U.S. President-elect Joe Biden received his first injected dose of the COVID-19 vaccine on live on television on Monday in an effort to boost confidence in its safety ahead of its wide distribution next year.
Biden has said he would make the fight against the coronavirus, which has killed more than 315,000 Americans and infected more than 17.5 million, his top priority when he takes office on January 20. At age 78, he is in the high-risk group for the highly contagious respiratory disease.
A Democrat, Biden will inherit the logistical challenges of distributing the vaccine to hundreds of millions of Americans, as well as the task of persuading people who worry its development was rushed for political reasons to take it.
His black long-sleeved shirt rolled up, Biden received the injection from Tabe Masa, Nurse Practitioner and Head of Employee Health Services at Christiana Hospital in Newark, Delaware, in front of reporters. Images were carried live on television.
After getting the shot, a dose of the vaccine developed by Pfizer Inc, Biden praised medical professionals as “heroes”.
“I’m doing this to demonstrate that people should be prepared when it’s available to take the vaccine. There’s nothing to worry about,” Biden said. His wife, Jill Biden, who got the injection earlier in the day, stood by.
But Biden also noted that the vaccine would take time to roll out and that people should listen to medical experts and not travel for the upcoming holidays if possible.
Vice President-elect Kamala Harris would likely get the vaccine next week, Biden’s transition team said.
Republican President Donald Trump frequently has played down the severity of the pandemic and overseen a response health experts say was disorganized, cavalier and sometimes ignored the science behind disease transmission.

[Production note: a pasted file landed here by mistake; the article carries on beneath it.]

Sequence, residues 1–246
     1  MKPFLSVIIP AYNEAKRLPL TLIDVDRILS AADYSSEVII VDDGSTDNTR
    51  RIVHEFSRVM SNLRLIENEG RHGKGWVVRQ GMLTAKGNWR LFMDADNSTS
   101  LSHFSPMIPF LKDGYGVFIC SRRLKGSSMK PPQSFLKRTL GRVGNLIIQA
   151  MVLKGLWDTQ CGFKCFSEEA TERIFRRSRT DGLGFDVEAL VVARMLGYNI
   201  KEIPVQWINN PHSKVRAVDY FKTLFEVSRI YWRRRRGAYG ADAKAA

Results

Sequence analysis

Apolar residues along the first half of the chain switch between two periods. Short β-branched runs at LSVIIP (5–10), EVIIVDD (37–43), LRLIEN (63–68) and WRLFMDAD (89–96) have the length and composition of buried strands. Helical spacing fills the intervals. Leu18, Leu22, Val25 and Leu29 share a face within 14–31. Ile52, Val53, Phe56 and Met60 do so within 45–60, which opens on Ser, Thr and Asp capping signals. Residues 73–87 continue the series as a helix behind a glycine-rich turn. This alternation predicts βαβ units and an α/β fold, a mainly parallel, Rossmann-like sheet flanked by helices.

Efforts to limit the economic fallout on Americans from the pandemic were boosted on Sunday when congressional leaders agreed on a $900 billion package to provide the first new aid in months, with votes likely on Monday.
Biden on Monday also named additional members to his National Economic Council (NEC), rounding out his economic policymaking team with people his transition office said would help lift Americans out of the economic crisis.
David Kamin, an official in former President Barack Obama’s White House, will be NEC deputy director, and Bharat Ramamurti, a former top economic adviser to Senator Elizabeth Warren’s 2020 presidential campaign, will serve as NEC deputy director for Financial Reform and Consumer Protection, Biden’s team said in a statement.
Joelle Gamble will be special assistant to the president for economic policy.
“This is no time to build back the way things were before — this is the moment to build a new American economy that works for all,” Biden said in the statement.
Biden had already named Brian Deese, who helped lead Obama’s efforts to bail out the automotive industry and negotiate the Paris climate agreement, to lead the council, which coordinates the country’s economic policymaking.
Much of the fate of Biden’s White House agenda will hinge on the outcome of a pair of Senate runoff elections in Georgia on Jan. 5 that will determine which party controls the upper chamber of the U.S. Congress.
Harris traveled on Monday to Columbus, Georgia, to campaign on behalf of Jon Ossoff and Raphael Warnock, the Democratic candidates locked in tight races with incumbent Republicans.
At a drive-in rally for the candidates, Harris, currently a California senator, said she would return to Washington later in the day to vote on the stimulus package.
Asked by one journalist whether there were plans to “fumigate” the White House over virus concerns before the Biden administration moved in, Harris said: “I don’t have the current status for that.”
Trump was briefly hospitalized in October with COVID-19, and many of his advisers and White House staff have also contracted the virus.
Ivanka Trump, the president’s daughter and White House adviser, was also set to campaign in Georgia for Republican Senators David Perdue and Kelly Loeffler.
The outgoing president, making unsubstantiated claims of widespread electoral fraud, has focused on trying to overturn his election loss in recent weeks, even as daily COVID-19 deaths soared. His campaign’s latest long-shot effort was a petition to the U.S. Supreme Court on Sunday that legal experts said would fail.